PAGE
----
Gold prices rebounded on Friday, as the U.S. dollar eased after Italian political tension sparked a sell-off in the country's bond markets and investors sought a safe haven in bullion.
Spot gold gained 0.2 percent at $1,292.12 per ounce 27 in the previous session at $1,285.41. The metal was heading for its biggest weekly decline since early December, down nearly 2 percent versus last week. U.S. gold futures for June delivery settled up $1.90, or 0.2 percent, at $1,291.30 per ounce.
"Gold got stronger off Italian geopolitics and the sell-off in Italian bond markets," said Josh Graves, senior commodities strategist at RJO Futures.
The demands of populist parties likely to form Italy's next government, which promised to ramp up spending, caused Italian investors to flee bond markets and purchase gold.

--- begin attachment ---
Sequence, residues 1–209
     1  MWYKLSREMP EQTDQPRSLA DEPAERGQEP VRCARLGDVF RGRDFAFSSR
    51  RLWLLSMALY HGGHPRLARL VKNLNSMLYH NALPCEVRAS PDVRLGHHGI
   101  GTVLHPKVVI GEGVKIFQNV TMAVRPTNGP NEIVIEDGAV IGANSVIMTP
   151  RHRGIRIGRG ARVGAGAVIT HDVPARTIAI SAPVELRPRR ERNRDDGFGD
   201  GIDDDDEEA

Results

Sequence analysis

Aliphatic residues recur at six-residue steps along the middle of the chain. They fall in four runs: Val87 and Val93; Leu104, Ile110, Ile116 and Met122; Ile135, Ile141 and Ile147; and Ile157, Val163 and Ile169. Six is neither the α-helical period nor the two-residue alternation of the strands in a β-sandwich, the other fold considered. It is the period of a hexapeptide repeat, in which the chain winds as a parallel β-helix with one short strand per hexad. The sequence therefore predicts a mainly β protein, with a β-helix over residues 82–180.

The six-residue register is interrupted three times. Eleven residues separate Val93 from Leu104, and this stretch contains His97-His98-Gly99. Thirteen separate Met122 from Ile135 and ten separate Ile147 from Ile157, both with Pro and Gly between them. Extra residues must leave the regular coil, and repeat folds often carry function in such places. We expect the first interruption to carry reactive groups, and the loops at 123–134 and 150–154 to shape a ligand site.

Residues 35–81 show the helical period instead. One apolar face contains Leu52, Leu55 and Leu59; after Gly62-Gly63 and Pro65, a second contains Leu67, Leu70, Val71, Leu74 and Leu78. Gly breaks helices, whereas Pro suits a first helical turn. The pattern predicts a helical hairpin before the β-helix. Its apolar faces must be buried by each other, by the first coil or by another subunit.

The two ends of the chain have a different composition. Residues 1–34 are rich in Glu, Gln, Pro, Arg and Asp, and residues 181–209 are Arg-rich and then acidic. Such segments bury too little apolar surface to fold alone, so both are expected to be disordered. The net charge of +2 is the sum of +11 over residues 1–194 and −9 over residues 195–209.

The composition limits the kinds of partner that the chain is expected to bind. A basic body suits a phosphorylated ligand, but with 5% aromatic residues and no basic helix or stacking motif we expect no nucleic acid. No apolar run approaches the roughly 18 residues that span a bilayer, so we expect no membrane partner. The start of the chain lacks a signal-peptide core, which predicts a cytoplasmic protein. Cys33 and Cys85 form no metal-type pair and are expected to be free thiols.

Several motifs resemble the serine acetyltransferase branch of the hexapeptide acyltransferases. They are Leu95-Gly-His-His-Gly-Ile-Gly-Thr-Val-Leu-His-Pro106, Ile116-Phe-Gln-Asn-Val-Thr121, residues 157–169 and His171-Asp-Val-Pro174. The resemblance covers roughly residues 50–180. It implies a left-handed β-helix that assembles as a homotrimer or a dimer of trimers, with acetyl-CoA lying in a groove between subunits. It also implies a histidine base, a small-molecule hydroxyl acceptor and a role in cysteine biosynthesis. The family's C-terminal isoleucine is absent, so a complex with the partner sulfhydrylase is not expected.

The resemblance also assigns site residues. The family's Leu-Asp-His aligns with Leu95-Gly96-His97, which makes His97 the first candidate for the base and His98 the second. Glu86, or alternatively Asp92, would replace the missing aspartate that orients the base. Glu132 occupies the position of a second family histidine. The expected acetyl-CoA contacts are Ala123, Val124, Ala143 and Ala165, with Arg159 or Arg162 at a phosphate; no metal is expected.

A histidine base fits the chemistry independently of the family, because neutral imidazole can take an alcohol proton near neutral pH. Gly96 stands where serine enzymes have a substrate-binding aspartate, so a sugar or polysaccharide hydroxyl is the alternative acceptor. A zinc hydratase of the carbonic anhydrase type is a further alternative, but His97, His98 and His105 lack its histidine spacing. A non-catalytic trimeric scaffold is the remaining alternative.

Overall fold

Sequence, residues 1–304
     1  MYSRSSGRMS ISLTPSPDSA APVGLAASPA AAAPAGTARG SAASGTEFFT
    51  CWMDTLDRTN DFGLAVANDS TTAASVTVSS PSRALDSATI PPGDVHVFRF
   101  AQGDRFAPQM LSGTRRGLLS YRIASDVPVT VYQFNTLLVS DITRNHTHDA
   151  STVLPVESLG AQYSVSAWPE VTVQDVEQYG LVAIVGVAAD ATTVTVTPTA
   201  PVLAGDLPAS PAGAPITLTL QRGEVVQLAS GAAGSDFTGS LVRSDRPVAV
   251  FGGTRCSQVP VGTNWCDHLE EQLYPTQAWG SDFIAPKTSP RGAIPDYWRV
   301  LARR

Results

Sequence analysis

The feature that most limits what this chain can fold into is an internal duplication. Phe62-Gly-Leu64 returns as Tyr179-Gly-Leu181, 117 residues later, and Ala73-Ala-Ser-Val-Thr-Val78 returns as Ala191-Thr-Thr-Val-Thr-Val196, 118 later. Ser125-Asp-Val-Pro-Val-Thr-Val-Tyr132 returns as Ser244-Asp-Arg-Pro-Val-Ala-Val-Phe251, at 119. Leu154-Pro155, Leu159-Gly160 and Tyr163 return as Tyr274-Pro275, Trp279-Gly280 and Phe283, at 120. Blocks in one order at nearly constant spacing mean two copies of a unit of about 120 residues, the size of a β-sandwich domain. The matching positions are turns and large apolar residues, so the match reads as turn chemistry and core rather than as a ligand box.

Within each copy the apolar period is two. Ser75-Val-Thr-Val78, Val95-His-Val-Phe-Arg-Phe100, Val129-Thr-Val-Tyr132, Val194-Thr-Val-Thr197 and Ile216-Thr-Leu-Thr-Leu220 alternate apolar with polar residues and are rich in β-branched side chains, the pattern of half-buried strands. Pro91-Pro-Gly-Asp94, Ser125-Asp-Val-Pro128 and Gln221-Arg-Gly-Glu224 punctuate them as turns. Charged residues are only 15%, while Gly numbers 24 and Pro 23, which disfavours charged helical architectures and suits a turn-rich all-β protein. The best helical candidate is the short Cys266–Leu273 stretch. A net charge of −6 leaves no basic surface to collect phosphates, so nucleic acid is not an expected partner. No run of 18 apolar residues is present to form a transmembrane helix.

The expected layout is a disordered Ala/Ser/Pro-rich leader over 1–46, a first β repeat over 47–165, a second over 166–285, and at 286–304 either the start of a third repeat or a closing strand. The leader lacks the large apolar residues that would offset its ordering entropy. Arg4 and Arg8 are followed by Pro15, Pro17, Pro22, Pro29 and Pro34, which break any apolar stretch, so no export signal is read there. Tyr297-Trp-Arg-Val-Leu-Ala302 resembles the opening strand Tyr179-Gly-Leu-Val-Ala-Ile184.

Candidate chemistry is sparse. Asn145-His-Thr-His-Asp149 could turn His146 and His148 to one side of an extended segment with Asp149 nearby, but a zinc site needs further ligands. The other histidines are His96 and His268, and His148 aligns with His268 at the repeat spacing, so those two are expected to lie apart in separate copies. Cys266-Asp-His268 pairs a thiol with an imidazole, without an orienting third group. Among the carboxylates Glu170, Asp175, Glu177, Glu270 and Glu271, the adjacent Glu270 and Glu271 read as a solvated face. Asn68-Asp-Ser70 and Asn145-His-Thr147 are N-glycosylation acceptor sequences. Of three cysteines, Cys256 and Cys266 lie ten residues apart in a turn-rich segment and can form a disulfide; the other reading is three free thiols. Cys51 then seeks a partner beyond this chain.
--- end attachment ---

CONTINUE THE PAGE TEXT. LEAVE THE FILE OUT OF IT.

"A debt crisis in Italy would have a far bigger impact than one in Greece. Gold would profit as a result," Commerzbank analysts said in a note.
This caused more volatility in global equities, which also provided gold support, Graves added.
Earlier, the sentiment index in gold was indicating it was strongly oversold while the dollar was heavily overbought as U.S. inflation measures were rising, said Gianclaudio Torlizzi, partner at consultancy T-Commodity in Milan.
Thursday data showed a tightening U.S. labor market and mid-Atlantic factory activity picking up, bolstering expectations the Federal Reserve will raise interest rates next month.
"We think there is room for a strong rally into the summer and we have a gold target of $1,430 by August," Torlizzi said.
The dollar index earlier rose to a fresh five-month peak as the benchmark U.S. Treasury yield hit the highest in nearly seven years. A stronger greenback makes dollar-denominated gold more expensive for users of other currencies, while higher U.S. yields dampen the appeal of non-yielding bullion.
Spot gold is still expected to hit $1,302 per ounce as it has stabilized around a support at $1,287, Reuters technical analyst Wang Tao said.